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Monday, April 15, 2024
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Victor Hugo Castillo: Faith, Friendship, and Solidarity on the Border

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Victor Hugo Castillo (Courtesy photo)
Victor Hugo Castillo (Courtesy photo)
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By Roberto Hugo González

In the far-reaching spectrum of journalism and humanitarian service, few stories resonate with the depth and warmth of humanity, as does the friendship between two souls dedicated to informing and making a difference in the world. My relationship with Victor Hugo Castillo, one of the finest reporters and human beings I have had the privilege to know, is one of those stories. Beyond sharing a profession, we are united by our faith in God and commitment to service.

“How are you?” I ask Castillo via WhatsApp, whose response always reflects his passion for helping: “I came to Reynosa to bring aid to a migrant shelter.” Accompanied by a group of university students from Texas A&M in Bryan, Texas, Victor carries out a mission inspired by compassion and faith. These students, part of the Baptist Student Ministry (BSM), found in him a guide for their first incursion into the world of humanitarian assistance in Mexico.

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Students from Texas A&M in Bryan, Texas, testify and hope to migrants in Reynosa, sharing personal stories and the Gospel of Christ. Under Victor Hugo Castillo’s guidance, their efforts bridge cultures and hardships, expressing a commitment to service and compassion. This moment captures the profound impact of their Spring Break mission, as they work to provide not just material aid but also spiritual support, embracing an environment of mutual understanding and solidarity amidst the challenges faced by the migrant community. Courtesy photo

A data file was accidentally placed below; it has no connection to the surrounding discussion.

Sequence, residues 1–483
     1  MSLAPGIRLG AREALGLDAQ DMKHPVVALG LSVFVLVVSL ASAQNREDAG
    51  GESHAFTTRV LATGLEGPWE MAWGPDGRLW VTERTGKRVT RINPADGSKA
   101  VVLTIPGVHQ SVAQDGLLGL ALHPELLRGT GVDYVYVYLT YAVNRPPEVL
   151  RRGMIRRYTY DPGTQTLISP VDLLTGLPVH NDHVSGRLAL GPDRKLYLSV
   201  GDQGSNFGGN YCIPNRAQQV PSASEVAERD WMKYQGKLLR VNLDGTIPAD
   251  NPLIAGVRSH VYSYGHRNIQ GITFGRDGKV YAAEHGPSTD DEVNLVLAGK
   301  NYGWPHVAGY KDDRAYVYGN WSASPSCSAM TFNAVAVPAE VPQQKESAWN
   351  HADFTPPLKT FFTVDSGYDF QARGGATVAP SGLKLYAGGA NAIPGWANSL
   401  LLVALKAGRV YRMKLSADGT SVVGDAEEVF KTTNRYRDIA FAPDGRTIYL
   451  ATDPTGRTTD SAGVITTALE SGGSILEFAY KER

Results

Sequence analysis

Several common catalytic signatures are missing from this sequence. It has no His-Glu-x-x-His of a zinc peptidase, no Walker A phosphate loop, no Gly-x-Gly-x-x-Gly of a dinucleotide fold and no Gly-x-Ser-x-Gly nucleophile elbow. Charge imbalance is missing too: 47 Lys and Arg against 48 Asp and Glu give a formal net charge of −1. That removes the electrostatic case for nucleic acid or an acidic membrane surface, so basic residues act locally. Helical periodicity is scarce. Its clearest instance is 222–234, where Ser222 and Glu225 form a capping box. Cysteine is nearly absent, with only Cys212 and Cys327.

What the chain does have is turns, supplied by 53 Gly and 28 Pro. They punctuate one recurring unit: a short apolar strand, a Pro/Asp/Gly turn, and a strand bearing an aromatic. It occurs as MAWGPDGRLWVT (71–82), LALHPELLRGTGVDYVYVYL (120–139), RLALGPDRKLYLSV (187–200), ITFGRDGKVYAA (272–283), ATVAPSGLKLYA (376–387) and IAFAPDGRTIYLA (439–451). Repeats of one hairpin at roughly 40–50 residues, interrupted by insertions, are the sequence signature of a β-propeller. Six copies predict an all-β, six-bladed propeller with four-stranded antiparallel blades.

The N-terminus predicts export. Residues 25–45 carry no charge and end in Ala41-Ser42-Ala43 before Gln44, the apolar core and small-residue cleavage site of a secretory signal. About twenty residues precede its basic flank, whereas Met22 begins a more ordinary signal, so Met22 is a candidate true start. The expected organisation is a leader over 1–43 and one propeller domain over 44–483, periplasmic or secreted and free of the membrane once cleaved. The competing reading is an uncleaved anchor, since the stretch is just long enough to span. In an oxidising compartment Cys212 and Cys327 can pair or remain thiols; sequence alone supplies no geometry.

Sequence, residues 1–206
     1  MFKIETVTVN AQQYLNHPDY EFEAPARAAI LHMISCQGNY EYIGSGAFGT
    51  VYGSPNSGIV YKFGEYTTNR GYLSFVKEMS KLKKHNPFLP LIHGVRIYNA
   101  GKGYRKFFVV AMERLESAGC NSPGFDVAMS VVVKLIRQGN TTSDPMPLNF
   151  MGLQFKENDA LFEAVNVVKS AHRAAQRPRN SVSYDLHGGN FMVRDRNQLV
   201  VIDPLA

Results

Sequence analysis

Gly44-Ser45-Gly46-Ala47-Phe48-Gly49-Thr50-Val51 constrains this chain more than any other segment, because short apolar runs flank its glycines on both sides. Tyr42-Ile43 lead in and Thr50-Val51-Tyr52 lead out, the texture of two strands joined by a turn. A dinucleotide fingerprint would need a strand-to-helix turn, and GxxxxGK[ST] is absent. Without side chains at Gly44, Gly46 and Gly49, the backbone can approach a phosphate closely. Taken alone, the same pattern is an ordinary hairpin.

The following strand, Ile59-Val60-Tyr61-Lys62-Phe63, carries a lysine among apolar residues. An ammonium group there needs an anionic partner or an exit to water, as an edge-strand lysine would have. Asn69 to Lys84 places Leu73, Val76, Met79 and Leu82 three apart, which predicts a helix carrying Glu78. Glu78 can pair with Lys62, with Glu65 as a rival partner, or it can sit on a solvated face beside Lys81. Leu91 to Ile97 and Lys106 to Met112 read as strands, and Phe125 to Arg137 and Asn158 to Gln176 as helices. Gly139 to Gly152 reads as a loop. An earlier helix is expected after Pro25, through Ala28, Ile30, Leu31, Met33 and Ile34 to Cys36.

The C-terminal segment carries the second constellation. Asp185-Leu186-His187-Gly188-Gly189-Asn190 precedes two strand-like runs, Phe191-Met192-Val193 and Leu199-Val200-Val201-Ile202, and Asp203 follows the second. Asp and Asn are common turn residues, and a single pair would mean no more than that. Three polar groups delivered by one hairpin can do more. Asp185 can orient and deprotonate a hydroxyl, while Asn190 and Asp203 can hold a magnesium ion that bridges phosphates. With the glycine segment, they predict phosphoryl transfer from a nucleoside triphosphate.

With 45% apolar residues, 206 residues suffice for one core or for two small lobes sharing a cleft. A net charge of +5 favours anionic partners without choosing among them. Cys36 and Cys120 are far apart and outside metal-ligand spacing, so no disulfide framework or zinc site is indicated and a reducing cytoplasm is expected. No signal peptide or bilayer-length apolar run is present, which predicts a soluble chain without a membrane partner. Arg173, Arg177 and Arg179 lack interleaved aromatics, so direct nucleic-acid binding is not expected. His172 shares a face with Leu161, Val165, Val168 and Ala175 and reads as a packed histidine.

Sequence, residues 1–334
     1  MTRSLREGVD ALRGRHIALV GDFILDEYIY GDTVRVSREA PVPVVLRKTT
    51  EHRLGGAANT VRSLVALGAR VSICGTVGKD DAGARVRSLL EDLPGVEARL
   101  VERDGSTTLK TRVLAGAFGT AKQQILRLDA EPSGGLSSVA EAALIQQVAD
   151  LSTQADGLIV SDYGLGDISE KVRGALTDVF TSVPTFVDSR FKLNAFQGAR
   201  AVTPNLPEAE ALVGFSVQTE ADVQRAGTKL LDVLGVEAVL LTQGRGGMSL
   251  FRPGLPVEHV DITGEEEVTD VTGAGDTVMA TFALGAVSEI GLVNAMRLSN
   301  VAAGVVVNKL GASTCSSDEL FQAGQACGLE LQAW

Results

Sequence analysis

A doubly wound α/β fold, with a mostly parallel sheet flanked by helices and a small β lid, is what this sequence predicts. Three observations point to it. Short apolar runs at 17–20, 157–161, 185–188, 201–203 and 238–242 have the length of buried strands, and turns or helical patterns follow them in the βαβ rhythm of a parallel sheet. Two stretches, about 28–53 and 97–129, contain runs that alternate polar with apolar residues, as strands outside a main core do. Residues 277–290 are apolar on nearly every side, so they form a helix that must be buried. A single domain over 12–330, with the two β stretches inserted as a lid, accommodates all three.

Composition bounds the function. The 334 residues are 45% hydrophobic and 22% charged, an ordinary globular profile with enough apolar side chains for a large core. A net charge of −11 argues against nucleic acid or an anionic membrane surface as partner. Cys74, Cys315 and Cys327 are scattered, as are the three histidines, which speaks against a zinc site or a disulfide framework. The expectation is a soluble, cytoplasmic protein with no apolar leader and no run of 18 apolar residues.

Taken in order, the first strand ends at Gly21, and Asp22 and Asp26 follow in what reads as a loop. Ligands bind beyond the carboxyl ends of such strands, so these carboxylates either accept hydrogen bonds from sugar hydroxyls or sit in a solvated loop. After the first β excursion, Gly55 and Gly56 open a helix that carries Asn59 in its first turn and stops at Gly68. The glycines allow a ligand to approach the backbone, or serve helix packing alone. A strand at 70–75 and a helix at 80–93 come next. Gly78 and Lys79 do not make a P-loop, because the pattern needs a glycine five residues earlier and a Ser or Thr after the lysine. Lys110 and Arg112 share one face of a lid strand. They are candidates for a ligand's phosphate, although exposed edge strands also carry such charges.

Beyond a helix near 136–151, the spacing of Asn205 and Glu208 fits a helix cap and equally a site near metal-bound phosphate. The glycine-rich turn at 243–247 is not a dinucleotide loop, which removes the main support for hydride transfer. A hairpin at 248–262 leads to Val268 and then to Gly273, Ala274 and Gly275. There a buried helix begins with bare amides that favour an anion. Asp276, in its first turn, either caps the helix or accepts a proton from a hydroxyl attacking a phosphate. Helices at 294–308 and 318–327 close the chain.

Castillo excitedly shares how, the previous day, they distributed 400 hygiene kits donated by Texas Baptist Men through the 13:2 Initiative in Mission. They plan to deliver 800 kits, which include essential items such as soap, toothpaste, and more. But their work goes beyond material aid; it’s about human connection, listening, and sharing the Gospel of Christ, a moment of hope amid adversity.

Joel Bratcher, director of the BSM, and about 50 students chose to dedicate their Spring Break not to typical festivities but to serving others. Their work in the “Senda de Vida #1” shelter and repairing a Harlingen church reflects a dedication beyond duty. They are young people who exemplify the true spirit of service, choosing the path of love and solidarity over leisure. Residents of Reynosa and Avondale Baptist Church provide the materials for this project.

Victor Hugo Castillo delivers a message of hope and faith to migrants at the Senda de Vida shelter, Reynosa. His words, instilled with compassion and the promise of solidarity, echo through the hearts of those seeking refuge. Castillo symbolizes the spirit of service as a pastor and journalist, blending spiritual guidance with actionable support, uplifting the spirits of many in the face of adversity. This scene is a powerful moment of community, faith, and resilience among those on their journey to a better life. Courtesy photo

Castillo is more than a reporter. He is a pastor of The Rio Grande Bible Church in McAllen, Texas. His work representing his faith and church at the Senda de Vida shelter is proof of his faith, providing temporary relief and a lasting source of inspiration for migrants in Reynosa. His commitment demonstrates how faith can translate into concrete actions of love and discipleship.

The friendship with Castillo is a constant reminder of the power of faith and human solidarity. Through his work and that of the young volunteers, a support network is woven that offers material aid and spiritual support to those in need. In times of despair, stories like this light the way, showing that shared love and faith can transform lives and communities. This is the essence of our friendship: a bond that transcends reporting to embrace a greater mission, a commitment to humanity guided by faith in God.

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The Reality of Migrants in Reynosa, Between Hope and Challenge